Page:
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Pre-Diabetes: Are The Warning Lights Flashing?
You may not be able to tell, if you body is headed towards diabetes.Your car has warning lights that tell you about approaching problems, "low oil" and "brakes are on", etc. Your body flashes warnings, too, but not so in the case of being pre-diabetic. Please read this article. What you learn might save you a life time of aches, pains, and costly medical bills.
Have you ever had the "Check Engine" warning light come on in your car? Most newer cars have a system, little computer chips, that monitors the performance of your car. If something is not working properly, the "Check Engine" light usually comes on.
This "pre-warning" system can help you avoid costly damage, which may be occurring within your vehicle, by detecting small problems before they become big problems. Of course, the only way to be certain about what is going on, is to have your car inspected by an expert mechanic when the "Check Engine" light comes on.
Your body, too, has a "pre-warning" system.
With many diseases, your body will start producing symptoms such as aches, pains, fatigue, frequent thirst, and so on. These symptoms are your body's "Check Engine" light, warning you about small problems that are headed toward large problems.
JUnfortunately, with diabetes, pre-warning signs don't always show up so obviously like a light on the dashboard. The medical community is calling this grey area: Pre-Diabetes. Your body is headed towards diabetes, but the body's warning signs are not obvious.
Today, roughly 41 million Americans have pre-diabetes, which if left undetected and untreated, progresses into full-blown diabetes.
The challenge with pre-diabetes is the fact that the condition doesn't like to reveal itself with noticeable symptoms. Because there are few, if any symptoms, most people will not bother having screening tests performed. With pre-diabetes, noticeable symptoms like frequent thirst and urination may not occur until the disease has well progressed and is already causing considerable damage to your body. Most Type 2 diabetics don't have symptoms because the onset of diabetes is so slow.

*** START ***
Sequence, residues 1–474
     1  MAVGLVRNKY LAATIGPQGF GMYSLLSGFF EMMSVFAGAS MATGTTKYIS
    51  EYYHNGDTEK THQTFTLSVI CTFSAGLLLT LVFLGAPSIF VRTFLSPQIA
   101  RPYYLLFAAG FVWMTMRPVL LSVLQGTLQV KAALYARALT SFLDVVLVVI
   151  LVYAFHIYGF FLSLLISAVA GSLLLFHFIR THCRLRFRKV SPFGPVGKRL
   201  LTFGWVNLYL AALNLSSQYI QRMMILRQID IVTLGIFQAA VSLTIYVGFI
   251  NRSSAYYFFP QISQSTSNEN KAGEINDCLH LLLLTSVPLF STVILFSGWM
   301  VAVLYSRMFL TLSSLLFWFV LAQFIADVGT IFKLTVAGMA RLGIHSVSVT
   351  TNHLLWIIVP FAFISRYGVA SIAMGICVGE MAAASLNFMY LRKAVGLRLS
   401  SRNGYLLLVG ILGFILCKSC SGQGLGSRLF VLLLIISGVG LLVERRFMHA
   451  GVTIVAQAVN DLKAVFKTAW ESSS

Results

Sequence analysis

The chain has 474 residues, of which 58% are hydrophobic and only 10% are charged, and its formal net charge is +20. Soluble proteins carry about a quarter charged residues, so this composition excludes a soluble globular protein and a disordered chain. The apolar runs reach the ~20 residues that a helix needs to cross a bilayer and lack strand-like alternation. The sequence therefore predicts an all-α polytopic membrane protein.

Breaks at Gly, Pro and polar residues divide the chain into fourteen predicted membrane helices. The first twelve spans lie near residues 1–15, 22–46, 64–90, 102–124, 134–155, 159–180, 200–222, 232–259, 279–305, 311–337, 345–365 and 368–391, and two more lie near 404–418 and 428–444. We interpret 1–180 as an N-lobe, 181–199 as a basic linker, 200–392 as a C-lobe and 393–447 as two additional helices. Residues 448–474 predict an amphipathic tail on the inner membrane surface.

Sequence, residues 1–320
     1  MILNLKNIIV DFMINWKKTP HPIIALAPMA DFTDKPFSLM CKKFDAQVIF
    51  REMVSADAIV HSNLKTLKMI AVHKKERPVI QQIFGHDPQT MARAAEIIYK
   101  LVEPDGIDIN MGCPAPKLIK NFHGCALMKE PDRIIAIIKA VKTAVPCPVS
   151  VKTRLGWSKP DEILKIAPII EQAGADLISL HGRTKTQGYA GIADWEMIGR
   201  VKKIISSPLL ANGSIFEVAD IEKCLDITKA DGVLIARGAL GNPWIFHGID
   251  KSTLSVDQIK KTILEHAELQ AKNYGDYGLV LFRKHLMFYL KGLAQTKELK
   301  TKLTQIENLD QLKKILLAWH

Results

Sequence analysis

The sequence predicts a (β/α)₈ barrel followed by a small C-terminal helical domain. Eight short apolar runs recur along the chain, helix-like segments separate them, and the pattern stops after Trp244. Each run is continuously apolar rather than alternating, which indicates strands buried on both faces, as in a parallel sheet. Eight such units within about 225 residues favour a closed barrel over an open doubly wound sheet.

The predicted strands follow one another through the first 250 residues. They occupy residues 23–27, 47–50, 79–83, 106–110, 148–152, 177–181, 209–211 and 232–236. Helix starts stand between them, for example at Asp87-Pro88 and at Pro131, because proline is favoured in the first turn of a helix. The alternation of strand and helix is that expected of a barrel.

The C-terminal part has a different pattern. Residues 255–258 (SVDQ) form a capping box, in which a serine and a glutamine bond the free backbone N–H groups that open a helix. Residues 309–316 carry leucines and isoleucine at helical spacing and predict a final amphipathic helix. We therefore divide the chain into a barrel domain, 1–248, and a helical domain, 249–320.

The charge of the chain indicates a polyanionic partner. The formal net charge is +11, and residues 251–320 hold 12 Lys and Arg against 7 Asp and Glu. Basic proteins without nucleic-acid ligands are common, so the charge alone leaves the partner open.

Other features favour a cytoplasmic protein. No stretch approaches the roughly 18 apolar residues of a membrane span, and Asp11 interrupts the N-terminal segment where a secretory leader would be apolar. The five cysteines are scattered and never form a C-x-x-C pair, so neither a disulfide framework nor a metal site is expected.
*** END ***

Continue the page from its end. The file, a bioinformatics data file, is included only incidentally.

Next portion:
Don't wait for your "Check Engine" light to come on. Have your blood tested. Call your doctor today and make the appointment.
The goal with identifying pre-diabetes is to prevent the onset of diabetes from ever happening.
Your physician can determine if you have pre-diabetes with two common tests. The fasting plasma glucose test (FPG) and the oral glucose tolerance test (OGTT). Both require an overnight fast.
The good news is that you can greatly improve your odds and likely prevent diabetes with early detection and proper care.
Don't wait 'til it hurts. Ask your doctor about diabetes and have your blood sugar checked several times a year.
About the author: David Anderson is a freelance health/wellness writer for http://hope4diabetes.com
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